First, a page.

Musings towards a poetics of social media 2

First of all, thank you to each of you who took the time to leave a comment on my last musings post. I have been thinking a lot about the comments on my first post on the poetics of social media where I asked:  “Does the imperative for immediacy in a media-saturated landscape mean that visual cues and language need to be simplistic and reductive to grab attention?”

The comments were erudite and provided me many new directions. The notion of acceleration appears to be at the heart of social media. Again it is a question of time. The idea that we are overwhelmed by information in our everyday lives is not new. Richard Wurman wrote an excellent book on this very topic back in 2000 called Information Anxiety 2.  His focus was on information architecture and good design. I feel that while good design can help, it is not a solution to this wicked problem. Actually, I think design may be a part of the problem.

The problem lies much deeper as pointed out by _Monocle_ :

“I think the question – and I don’t have an answer – is whether the acceleration and homogenization and simplification forces we see now are _greater_ than they’ve been in the past and if so, are they actually more dangerous. Or is it just a faster evolving system to the next thing?”

I feel this question  is tied in to an observation made by ZeWitness: “Reader frustration due to being overwhelmed is a reality.” Feelings of overwhelming quantities is a question of time and acceleration as well as of trying to navigate through space.

The Xtraman said,  “the shallow worship of hits and numbers of followers is diluting worthwhile content, which is being sacrificed in the name of immediacy. It’s dumbing down by any other name.”

Jim Lawrence said,  “The trick is not to treat your blog as a sausage machine but as a space where you can think, imagine and create. I would rather write something good that is only read by a few people than churn out any old nonsense just for the sake of pandering to a mass readership.”

I wonder, then, if  by participating in social media, are we guilty of being a part of a massive production line, feeding on itself where there is no time for thinking about quality, aesthetics and poetics, and does this really matter? My gut response is yes, we should make time to think about quality because while difficult to measure and define, it does matter a great deal, to me, anyway.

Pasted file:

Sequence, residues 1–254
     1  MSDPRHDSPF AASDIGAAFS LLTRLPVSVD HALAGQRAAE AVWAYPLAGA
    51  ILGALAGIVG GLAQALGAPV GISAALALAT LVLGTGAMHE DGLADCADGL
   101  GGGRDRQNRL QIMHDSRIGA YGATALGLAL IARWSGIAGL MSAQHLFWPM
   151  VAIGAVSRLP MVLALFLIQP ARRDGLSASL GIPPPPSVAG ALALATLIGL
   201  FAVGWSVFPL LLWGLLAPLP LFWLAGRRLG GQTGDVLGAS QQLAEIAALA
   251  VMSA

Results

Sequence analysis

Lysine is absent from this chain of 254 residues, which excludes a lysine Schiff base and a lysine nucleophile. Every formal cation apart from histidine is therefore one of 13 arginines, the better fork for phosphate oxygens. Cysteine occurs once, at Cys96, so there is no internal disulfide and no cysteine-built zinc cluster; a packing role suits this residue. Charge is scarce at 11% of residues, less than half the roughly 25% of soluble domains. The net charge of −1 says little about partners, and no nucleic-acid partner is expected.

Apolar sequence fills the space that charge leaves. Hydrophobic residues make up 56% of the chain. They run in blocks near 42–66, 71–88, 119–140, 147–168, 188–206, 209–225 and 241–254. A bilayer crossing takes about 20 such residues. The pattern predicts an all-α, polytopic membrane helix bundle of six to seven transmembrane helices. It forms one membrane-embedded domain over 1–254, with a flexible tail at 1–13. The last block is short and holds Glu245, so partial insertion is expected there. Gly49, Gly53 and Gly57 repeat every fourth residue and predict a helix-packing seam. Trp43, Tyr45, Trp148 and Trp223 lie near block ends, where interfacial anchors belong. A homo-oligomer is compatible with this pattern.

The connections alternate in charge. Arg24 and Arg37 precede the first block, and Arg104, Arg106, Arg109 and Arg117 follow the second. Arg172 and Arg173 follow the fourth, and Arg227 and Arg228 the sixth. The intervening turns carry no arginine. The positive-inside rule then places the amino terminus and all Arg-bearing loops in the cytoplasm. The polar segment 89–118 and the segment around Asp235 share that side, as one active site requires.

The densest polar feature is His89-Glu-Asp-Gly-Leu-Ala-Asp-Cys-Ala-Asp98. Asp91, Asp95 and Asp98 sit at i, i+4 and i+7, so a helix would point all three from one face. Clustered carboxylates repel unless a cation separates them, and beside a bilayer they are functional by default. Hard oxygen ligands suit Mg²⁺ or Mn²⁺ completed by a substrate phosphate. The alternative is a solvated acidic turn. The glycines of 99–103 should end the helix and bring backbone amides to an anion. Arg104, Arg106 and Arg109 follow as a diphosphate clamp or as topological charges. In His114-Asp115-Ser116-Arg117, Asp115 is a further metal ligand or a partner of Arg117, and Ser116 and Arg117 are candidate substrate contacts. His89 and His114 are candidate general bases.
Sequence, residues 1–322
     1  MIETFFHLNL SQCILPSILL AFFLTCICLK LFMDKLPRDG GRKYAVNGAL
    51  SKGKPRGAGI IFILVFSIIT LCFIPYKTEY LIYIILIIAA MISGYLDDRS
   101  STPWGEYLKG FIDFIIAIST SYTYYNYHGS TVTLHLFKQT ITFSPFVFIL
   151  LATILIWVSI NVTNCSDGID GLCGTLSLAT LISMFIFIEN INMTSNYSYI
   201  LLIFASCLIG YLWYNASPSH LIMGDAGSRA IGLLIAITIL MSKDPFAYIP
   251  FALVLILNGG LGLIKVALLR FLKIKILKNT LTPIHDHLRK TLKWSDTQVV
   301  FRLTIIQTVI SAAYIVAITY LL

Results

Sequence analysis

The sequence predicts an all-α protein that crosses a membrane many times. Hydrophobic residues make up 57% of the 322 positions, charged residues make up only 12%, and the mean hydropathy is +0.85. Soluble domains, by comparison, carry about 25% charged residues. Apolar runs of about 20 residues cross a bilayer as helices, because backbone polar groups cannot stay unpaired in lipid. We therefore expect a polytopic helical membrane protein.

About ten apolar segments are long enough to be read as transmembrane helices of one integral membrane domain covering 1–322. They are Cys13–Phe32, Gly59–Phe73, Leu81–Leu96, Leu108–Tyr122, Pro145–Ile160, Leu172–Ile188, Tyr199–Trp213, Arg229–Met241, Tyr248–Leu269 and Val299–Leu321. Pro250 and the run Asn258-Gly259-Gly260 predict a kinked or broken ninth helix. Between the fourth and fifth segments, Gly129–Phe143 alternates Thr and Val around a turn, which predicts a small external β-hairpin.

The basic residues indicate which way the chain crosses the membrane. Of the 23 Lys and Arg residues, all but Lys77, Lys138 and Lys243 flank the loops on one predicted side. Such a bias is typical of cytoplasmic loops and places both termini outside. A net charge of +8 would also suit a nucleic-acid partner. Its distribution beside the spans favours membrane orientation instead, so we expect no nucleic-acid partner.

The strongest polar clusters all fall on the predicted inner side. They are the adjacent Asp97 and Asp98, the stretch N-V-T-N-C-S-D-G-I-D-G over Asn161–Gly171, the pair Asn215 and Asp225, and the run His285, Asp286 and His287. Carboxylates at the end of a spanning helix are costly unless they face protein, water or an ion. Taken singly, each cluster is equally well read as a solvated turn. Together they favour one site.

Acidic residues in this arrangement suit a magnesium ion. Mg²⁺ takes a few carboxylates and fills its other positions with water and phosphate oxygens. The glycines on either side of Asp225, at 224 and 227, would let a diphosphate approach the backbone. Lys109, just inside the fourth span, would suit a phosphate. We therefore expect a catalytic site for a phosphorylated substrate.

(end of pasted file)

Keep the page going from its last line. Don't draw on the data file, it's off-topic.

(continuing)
The terms ‘social media’ and ‘content’ are reductivist shorthand. By using them I have fallen prey to the forces of homogenization and simplification. However, before I unpack these terms, I want to take the time to digress and step back to look at the socio-historical context within which I live.  We are operating in a world that is driven by discourses of globalization, consumerism and commodification. Some would call it late capitalism, others see a new Middle Ages approaching. We have seen the disruption of the Western canon and the rise of relativism in art with the appearance of artists such as Damian Hirst. The canonisation of literature is now driven by huge publishing houses.

I recently watched a video of lecture by Ed Soja. It is a discussion of the Portman’s Bonaventura Hotel in LA. The gist of the interview was that these spaces are designed to emphasize the spatial over the temporal in order to set up a new set of relations with the experiencing subject to seduce them into submitting to authority.  The spatiality of postmodernity is fragmented, disorienting thus making us more willing to submit to authoritative controls in order to ease our discomfort. The ubiquity of surveillance technologies is another indicator of our submission. I feel this also applies to our virtual spaces including social media  where again the spatial is privileged over the temporal.